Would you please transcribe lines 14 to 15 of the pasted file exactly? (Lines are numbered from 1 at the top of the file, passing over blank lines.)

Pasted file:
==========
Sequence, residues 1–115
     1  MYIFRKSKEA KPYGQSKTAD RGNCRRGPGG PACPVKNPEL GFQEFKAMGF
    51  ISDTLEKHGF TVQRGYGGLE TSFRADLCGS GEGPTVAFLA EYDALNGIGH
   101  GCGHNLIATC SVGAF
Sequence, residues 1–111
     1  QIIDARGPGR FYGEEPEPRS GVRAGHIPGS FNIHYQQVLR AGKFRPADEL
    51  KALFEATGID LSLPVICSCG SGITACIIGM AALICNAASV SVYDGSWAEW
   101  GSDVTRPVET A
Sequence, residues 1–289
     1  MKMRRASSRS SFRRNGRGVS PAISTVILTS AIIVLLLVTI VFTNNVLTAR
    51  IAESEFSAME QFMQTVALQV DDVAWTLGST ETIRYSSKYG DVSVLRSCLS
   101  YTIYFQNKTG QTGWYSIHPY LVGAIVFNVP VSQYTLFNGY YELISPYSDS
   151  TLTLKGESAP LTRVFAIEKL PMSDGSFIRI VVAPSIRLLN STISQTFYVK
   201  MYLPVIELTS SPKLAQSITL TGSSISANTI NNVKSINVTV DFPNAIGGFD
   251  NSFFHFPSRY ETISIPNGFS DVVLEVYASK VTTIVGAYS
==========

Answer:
   201  MYLPVIELTS SPKLAQSITL TGSSISANTI NNVKSINVTV DFPNAIGGFD
   251  NSFFHFPSRY ETISIPNGFS DVVLEVYASK VTTIVGAYS